Assuming your tax rates are the same or higher this year than they will be next year, then you should consider accelerating deductions into this year.
If you are on the cash basis, almost all individuals are, then you can prepay deductible items that are due next year. For example:
- Real estate taxes, in NC they are generally not late until after January 5th of next year but is it really worth waiting an entire year for the deduction to keep the money for five days?
- Personal property taxes.
- Charitable contributions.
- Final state and local estimated tax payments that are traditionally due in January of the next year.
- Pay outstanding medical bills if you will be able to itemize medical deductions (usually only amounts in excess of 10% of your adjusted gross income are deductible).
- Pay your January home mortgage payment early. Make sure the mortgage company gets it before the end of the year so they credit it to the year you paid.
- If you are in business, consider:
- Buying assets subject to the Section 179 deduction. Currently, the limit is a maximum of $25,000 but Congress is considering changing the limit. Eligible assets are typically tangible personal property but the rules are complex. Check first to see if the asset is eligible as getting a refund from the seller may be difficult. There are other limits to keep in mind too that are not detailed here.
- Pay year-end bonuses this year that are due in January of next year. Bonuses are still wages and subject to withholding taxes when paid to an employee.
- Stock up on office supplies.
- Prepay part of next year’s rent. Do not go overboard, only up to twelve months prepaid is deductible.
- Complete repairs (not improvements) and pay for them this year.
- Sell capital assets (e.g. stocks, mutual funds, and bonds) at a loss to offset capital gains and net a loss of $3,000 that can be deducted against other income. Watch out for the wash sale rule. This rule postpones losses if you buy the same or a similar asset (e.g. an option on the stock you sold) within 30 days before or after the loss sale date. For some people it is best to pretend it is 31 days as IRS does not forgive you for counting the days wrong.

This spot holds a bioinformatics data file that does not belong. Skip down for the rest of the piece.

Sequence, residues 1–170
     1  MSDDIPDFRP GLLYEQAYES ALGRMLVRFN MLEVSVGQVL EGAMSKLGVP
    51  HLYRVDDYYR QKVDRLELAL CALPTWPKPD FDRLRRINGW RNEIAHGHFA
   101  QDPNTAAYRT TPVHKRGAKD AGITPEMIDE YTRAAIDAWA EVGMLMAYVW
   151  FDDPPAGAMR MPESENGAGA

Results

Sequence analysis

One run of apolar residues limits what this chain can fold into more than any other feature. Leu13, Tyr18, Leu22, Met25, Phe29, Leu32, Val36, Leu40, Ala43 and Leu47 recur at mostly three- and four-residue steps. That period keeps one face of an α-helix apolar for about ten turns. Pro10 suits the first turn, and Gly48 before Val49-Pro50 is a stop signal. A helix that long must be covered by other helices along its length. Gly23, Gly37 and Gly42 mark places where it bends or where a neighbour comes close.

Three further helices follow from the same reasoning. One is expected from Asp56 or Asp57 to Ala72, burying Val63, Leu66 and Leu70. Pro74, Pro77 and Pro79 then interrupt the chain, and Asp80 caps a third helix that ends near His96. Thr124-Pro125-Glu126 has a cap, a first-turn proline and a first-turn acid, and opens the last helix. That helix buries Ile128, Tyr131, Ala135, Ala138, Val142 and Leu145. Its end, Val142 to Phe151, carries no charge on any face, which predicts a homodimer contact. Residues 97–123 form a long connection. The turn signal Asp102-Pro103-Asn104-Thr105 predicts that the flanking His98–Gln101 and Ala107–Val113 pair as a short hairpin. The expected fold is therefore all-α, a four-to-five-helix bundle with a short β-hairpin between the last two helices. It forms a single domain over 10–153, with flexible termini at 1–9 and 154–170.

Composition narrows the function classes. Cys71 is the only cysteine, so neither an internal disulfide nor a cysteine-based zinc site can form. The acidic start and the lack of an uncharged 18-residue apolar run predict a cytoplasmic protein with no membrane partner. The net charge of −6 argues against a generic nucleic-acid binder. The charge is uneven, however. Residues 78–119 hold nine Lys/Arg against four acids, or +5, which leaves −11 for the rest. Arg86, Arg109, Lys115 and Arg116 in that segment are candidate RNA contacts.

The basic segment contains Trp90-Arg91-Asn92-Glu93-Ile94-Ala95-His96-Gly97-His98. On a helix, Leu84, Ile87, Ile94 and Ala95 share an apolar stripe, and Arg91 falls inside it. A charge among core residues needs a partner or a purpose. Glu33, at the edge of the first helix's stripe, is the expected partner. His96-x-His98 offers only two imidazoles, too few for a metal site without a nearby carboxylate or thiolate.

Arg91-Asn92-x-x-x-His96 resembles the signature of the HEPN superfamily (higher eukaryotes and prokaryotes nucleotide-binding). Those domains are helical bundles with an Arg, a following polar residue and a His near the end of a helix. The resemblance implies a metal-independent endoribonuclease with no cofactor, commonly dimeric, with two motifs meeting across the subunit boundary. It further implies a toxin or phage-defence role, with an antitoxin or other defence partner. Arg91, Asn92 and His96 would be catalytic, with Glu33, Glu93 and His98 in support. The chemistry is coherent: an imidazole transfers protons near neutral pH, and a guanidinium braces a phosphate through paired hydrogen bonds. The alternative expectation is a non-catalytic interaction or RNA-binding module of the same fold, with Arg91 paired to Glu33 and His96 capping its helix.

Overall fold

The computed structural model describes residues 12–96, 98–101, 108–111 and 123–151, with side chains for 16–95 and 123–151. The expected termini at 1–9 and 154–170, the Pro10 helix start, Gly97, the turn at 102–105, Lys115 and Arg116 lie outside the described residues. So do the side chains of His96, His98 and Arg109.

- If you pay off your credit card balance every month, consider using your credit card to pay your deductions. There is no tax advantage in using a credit card versus paying in cash. The advantage comes from getting the deduction when the charge goes through versus when the payment is made to the credit card company next year. If you carry a balance on your credit card (i.e. you pay interest) then this option is much less attractive and may be cost more in interest than it saves in taxes.
- Businesses on the accrual method of accounting cannot generally accelerate deductions by paying them early. For example, an accrual business gets no benefit from paying this year for inventory to be received next year. The prepayment is treated as non-deductible deposit. Accrual businesses can take advantage of the Section 179 deduction and they have other options.
Keep in mind that if you claim the standard deduction instead of itemizing, accelerating deductions may not make much sense. Instead you should consider bunching itemized deductions into one year so that you can itemize and claiming the standard the next year (or vice versa – standard this year then bunch next year).
Finally, keep in mind that tax planning is a multiple year process. Saving tax this year at the cost of even more tax next year does not make sense. Also, be aware that if you owe Alternative Minimum Tax or are close to owing then accelerating some deductions, such as taxes, may not save any federal tax.
Do not allow the “tax tail to wag the dog.” In other words, the most important thing is how much you have after taxes. For example, a contractor should not buy a new generator just for the tax deduction when her old generator works just fine. The tax savings are less than the cost of the new generator.